In December 2021, more than two-thirds (67 percent) of Ukrainians thought the country was heading in the wrong direction and less than a quarter (24 percent) thought the country was heading in the right direction. After the outbreak of the war, in March-July 2022, the share of those who considered the country’s direction to be right ranged between 73 percent and 80 percent.
The best response is to help the Ukrainians as much as possible, as quickly and as effectively as possible, both militarily and economically.
In August of this year, 87 percent of Ukrainians were opposed to any territorial concessions to Russia, a proportion that has been rising in recent months and weeks, and is relatively equal in all regions, including the south and east where, historically, an affinity for Russia has always been higher.
It is far from being just about numbers. Even between 2014 and 2022, no politician in Ukraine could afford to admit that the return of Crimea was unrealistic or that Ukraine should give up those parts of Donbas controlled by Russian-financed separatists. Even though almost everyone was aware that regaining Crimea in the foreseeable future was improbable and that the ongoing conflict in eastern Ukraine was a burden that was destabilizing the country, hindering investment inflows and threatening its integration ambitions.
Accepting the loss of this territory would not only legitimize Russian aggression and set a dangerous precedent. It would also dishonor the thousands of Ukrainian soldiers and civilians who died because of Russian aggression in this territory between 2014 and 2022. And we are talking about the situation before February 2022. Can anyone imagine that they would have to give up territory after all that has happened since February 24, 2022? After all the human and material sacrifices and losses?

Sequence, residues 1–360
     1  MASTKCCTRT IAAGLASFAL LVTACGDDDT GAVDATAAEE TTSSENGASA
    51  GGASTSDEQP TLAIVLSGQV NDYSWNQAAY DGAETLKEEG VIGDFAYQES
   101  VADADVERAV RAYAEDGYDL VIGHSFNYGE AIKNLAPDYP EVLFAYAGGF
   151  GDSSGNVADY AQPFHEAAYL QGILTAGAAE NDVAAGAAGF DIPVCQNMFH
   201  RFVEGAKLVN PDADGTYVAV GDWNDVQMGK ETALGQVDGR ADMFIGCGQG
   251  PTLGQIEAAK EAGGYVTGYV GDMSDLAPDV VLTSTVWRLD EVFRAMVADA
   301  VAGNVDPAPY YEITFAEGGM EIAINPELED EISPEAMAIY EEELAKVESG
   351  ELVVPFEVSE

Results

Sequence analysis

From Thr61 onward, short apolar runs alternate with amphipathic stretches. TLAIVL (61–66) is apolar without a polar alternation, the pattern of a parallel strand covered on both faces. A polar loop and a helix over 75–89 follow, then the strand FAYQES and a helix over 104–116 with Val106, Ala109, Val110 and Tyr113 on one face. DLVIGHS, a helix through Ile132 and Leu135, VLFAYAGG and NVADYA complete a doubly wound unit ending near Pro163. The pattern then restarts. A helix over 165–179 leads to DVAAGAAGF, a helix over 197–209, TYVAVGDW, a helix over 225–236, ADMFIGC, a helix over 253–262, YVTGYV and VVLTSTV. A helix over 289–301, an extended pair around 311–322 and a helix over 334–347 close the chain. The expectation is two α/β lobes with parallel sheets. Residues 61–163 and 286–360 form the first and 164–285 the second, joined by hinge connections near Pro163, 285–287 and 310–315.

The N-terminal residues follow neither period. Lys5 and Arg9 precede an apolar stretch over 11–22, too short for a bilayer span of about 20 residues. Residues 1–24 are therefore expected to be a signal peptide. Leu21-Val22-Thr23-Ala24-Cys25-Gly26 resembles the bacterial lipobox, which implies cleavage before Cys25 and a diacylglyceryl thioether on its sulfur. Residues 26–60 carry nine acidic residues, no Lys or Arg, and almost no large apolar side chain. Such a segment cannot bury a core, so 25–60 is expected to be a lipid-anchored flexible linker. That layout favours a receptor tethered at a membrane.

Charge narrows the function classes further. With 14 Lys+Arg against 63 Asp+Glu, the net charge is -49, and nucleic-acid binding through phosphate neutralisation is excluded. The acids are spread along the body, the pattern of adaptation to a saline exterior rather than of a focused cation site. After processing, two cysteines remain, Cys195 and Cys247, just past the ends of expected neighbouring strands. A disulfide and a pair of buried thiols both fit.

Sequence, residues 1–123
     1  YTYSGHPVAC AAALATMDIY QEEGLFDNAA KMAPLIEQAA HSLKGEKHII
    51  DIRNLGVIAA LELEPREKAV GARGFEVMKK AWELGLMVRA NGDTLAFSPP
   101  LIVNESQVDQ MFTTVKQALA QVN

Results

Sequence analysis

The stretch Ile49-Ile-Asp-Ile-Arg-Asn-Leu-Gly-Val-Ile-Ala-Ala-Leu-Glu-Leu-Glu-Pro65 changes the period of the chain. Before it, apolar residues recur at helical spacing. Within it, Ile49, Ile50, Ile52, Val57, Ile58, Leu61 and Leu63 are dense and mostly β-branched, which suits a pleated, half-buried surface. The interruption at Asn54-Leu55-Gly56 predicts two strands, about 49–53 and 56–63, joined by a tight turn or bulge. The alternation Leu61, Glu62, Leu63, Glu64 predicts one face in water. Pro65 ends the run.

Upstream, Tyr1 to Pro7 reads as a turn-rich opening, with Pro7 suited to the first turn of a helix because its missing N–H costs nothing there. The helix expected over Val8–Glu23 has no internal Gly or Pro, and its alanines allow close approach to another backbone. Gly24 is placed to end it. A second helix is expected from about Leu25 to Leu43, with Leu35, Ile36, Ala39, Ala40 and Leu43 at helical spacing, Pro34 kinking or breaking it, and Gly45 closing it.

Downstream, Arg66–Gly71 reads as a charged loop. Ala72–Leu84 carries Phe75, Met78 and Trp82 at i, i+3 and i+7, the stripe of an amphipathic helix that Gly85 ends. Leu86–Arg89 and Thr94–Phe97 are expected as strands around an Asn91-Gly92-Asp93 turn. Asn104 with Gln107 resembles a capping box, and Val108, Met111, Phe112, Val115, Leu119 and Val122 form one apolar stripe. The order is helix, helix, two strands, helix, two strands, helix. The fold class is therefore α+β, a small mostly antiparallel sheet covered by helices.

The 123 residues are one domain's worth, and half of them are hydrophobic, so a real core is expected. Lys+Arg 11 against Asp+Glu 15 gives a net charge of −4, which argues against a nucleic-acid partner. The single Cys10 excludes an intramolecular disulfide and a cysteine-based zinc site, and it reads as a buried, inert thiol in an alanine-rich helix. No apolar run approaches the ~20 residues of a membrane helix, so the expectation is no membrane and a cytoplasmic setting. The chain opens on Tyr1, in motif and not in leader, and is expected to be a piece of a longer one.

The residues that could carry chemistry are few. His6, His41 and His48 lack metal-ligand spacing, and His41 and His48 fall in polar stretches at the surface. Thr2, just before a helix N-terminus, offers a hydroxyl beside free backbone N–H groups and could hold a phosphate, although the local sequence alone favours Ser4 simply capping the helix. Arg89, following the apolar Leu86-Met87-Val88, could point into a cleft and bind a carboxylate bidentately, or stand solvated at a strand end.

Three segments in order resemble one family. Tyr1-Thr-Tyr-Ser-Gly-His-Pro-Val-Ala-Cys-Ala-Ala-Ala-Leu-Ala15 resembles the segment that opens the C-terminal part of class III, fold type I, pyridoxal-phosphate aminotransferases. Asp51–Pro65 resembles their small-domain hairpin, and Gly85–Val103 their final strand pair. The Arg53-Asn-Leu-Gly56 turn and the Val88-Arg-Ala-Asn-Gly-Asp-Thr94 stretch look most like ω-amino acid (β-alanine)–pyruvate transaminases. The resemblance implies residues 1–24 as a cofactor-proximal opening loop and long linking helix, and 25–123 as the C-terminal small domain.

Facts & figures
Russia’s invasion of Ukraine
The power of veterans
There is one more important thing – the war veterans. Their number was negligible compared to the present before 2022, but their influence was very strong. At the beginning of 2017, a few dozen, at most hundreds of them, decided to block the dubious flow of goods between the Russian-held territories and those controlled by the Ukrainian government. They pointed out that these were dirty, bloody deals. The government was left with no choice but to block all (even legal) flows of goods, but also to a large extent the movement of people between Ukraine and these territories. Even then it was unthinkable to oppose the veterans and use the authority of the state against them.
Can we imagine what influence and power veterans will hold after this war is over? And how would a significant number of them feel about a compromise that would (from their point of view) mean that they had fought in vain? That their comrades had died or been maimed needlessly? With such emotions, can we imagine the number of weapons left behind after the war, not only among veterans but also among ordinary citizens, and what that might mean?
The best strategy for the West is to understand and accept these emotions and this situation. The best response is to help the Ukrainians as much as possible, as quickly and as effectively as possible, both militarily and economically, to drive the Russians out of their country and to restore their independence and territorial integrity within the pre-2014 borders.
Even after achieving such an end to the war, it will be a huge challenge for Ukraine to manage three difficult processes at once – reforms, integration into the EU and the postwar reconstruction of the country and the economy. Still, this challenge will be manageable under these circumstances. However, if the war ends in a compromise that even partially legitimizes Russian aggression, then successfully managing the reform, integration, and reconstruction visions will be nearly impossible.